March 2017

NFP Spotlight: Multilingual Packaging

It’s not uncommon to find English, Spanish and French (maybe more languages) on consumer packaged goods sold in the United States. Where do the FDA’s new Nutrition Facts Panel (NFP) guidelines leave the state of language on packaging? Robb Kottmyer, Account Manager and Adaptation Design Team Leader at Gravity, and Kellie Best, Production Artist at Phototype, weigh in.

Has the FDA ever regulated anything about languages beyond English on packaged goods sold in the U.S.?

In terms of regulation, the FDA provides one template that brands can adopt if more than one language needs to be on the package. Yes, that’s ONE template. There’s a four-letter word for it, and it’s “hard.” Considering brands are already squished for space in one language, adding another language or two can get very interesting. But, within the U.S., only English is required.

… But not all products made or sold in the U.S. are exclusive to the U.S.

Exactly. Brands that sell goods in Canada have to comply with official bilingualism. While the details tend to vary by province, the big picture is that English and French must be equally represented on packaged goods, or it can get rejected at the border.

You bring up an interesting point about equal prominence. How does that play out, visually?

Most brands adopt a hierarchy of languages represented. For the Americas, it’s often English first, Spanish second, French third. For Canada specifically, that equal prominence of English and French can mean a few things, such as exact same typeface, size, text weights, heights or condense point. While there is a requirement around minimum text size and height, there are no regulations or limits around condensing a font. Since it can take more characters in French or Spanish to describe the same thing in English, brands often choose to condense the font of the other languages so it all fits. The skinnier type is definitely obvious. We always say, condense with care, and do your homework.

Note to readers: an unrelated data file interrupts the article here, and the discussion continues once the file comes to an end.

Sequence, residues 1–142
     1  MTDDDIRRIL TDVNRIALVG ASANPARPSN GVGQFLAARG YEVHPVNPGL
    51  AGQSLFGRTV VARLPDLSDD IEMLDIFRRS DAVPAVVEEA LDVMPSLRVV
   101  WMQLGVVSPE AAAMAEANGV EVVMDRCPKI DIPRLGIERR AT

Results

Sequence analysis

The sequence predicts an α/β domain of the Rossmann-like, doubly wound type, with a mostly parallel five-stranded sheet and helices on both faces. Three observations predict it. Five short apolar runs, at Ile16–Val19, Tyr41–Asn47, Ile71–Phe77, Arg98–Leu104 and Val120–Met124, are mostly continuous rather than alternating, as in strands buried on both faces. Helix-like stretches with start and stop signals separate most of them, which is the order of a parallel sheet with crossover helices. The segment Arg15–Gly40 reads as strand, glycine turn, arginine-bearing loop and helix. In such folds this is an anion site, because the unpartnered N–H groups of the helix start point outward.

We’re talking mostly about the legal information and NFP, but what about the principal display panel and any claims?

It’s up to the brand. One of our clients has all required languages on the principal display panel for describing what’s in the package. The translations get tricky when it comes to making claims, though. The U.S. has different regulations around what can be “claimed” in terms of a percentage less or more of something. But while every brand wants to tout what makes their product great, the translation of that claim may not be significant to a non-American consumer and prompt them to purchase.

And then there's measurements...While any consumer goods manufacturer in the U.S. is likely using “grams,” let’s just say we are glad to be working with design and print instead of with food science to accurately convert metric to imperial measurements, and vice versa. That can be very challenging.

In your opinion, how do you think brands with multilingual packaging will adapt?

Get ready to print small and read small! Not really. Some of what we’ve read about adapting to the new NFP and wanting to stay on the safe side of compliance says to look to Europe. Brands in Europe have very strict regulations around what can even be in food products, and that trickles down to what’s communicated on the package. There can be some learning and benchmarking there for brands.

We wouldn’t be surprised to see brands with multilingual packaging adopt a “peel and re-seal” label option like many over-the-counter medicine products have adopted. But even that means new print dies, new forms, new designs, new timelines to get on the store shelf, and so on.

What advice do you have for brands, no matter where in the world their manufacturing or selling occurs?

Do your homework, and don’t take this all on yourself. The new NFP creates a domino effect beyond the legal and regulated information on a package, and having all supply chain partners speaking the same language (excuse the pun!) can save brands a lot of money and prevent a lot of headaches. It’s a large part of why we invest the time and resources to make sense of vague direction and creating best practices and standards, so our clients are in compliance. The hands-on help in the design process can yield a seamless print production, which means the product is on the shelf sooner.

Phototype is a 4th-generation, family-owned company that provides fully integrated graphic solutions to the consumer packaged goods (CPG), medical/pharma, retail, printing and converting industries. To learn more, contact us